2023 journal article

Machine learning and data mining methodology to predict nominal and numeric performance body weight values using Large White male turkey datasets


author keywords: turkey production; machine learning; data mining; turkey performance
UN Sustainable Development Goal Categories
Source: Web Of Science
Added: October 16, 2023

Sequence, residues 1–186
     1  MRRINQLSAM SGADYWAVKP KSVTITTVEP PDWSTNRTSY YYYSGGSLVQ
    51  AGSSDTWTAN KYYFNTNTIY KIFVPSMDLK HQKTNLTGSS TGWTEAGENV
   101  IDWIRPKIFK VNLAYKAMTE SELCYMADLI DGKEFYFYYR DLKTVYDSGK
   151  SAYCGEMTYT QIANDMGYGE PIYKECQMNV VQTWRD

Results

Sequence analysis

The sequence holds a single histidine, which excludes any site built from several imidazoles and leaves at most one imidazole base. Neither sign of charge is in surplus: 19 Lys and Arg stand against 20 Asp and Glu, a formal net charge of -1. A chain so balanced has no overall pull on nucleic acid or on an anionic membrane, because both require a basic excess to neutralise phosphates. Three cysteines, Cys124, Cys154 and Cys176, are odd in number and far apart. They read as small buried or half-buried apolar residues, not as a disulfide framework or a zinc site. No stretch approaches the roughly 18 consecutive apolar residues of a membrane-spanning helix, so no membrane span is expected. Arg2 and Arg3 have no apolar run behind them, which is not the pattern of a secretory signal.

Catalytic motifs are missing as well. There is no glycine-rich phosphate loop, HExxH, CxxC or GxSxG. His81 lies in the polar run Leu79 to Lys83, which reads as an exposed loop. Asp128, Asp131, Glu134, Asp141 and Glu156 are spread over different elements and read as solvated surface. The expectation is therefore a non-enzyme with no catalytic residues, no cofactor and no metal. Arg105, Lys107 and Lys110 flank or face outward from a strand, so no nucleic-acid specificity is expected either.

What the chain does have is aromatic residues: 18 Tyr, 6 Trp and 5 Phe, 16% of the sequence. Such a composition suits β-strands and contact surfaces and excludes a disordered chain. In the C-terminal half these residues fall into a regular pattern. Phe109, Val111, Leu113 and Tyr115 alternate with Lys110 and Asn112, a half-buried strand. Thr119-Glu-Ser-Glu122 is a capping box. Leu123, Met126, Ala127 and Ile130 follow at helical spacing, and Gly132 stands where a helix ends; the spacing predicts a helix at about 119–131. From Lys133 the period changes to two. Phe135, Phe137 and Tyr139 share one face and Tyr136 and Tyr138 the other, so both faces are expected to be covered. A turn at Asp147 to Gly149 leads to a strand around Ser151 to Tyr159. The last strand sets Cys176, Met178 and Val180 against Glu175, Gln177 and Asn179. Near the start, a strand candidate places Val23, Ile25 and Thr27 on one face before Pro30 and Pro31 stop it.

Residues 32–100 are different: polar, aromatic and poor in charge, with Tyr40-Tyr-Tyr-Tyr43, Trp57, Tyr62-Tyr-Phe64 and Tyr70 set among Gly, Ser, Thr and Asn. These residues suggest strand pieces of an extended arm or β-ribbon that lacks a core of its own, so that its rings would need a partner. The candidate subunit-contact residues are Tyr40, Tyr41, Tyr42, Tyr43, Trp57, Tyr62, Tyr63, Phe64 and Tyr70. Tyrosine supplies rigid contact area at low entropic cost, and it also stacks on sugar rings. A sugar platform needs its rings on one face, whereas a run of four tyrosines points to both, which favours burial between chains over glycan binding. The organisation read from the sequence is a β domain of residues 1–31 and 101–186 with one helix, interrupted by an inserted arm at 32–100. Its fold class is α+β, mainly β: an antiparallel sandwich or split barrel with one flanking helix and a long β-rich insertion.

Large biological data sets with many variables and a small number of biological replicates ("omics" sciences and industry data) are challenging to analyze with traditional inferential statistics. Statistical models can be applied to data containing more observations than variables, and they are strongly suited for this purpose. However, the power to detect actual differences is reduced when the number of comparisons exceeds the number of experimental replicates or observations. Machine learning (ML) allows researchers to evaluate treatments groups or multiple categories of variables with fewer observations. Thus, it has become a tool used to predict phenomena and evaluate relationships within datasets that are less suited for traditional statistics. Data mining (DM) helps researchers to identify the most critical variables in an ML predictive model and can be used akin to "statistical significance" for interpretation. This current effort aimed to develop ML and DM methodologies while applying them to predict Large White male turkey body weight (BW). Data from a previously reported study were used. Bird BW, weekly BW gain (BWG), feed intake (FI), feed conversion ratio (FCR), small intestine pH, cloacal temperature, density, microbiome taxa, litter content of Mn and Zn, were used as variables for the ML analysis. A total of 253 variables were used in ML and DM analysis. BW and FI at 18 wk were classified as low, objective, and high based on a 5% for BW and 3% for FI margin of the Aviagen male turkey objectives for ML analysis. The WEKA 3.8.5 Experimenter tool used various classification and regression algorithms with a 10-fold cross-validation system to predict 18 wk BW based on input data. A single algorithm made the most practical model, from 3 models constructed, with a correlation of 0.73 and a root square error of 0.26 based only on turkey 14 wk BW. In conclusion, these ML and DM tools could be applied to turkey research and production systems by analyzing large data sets to predict growth performance.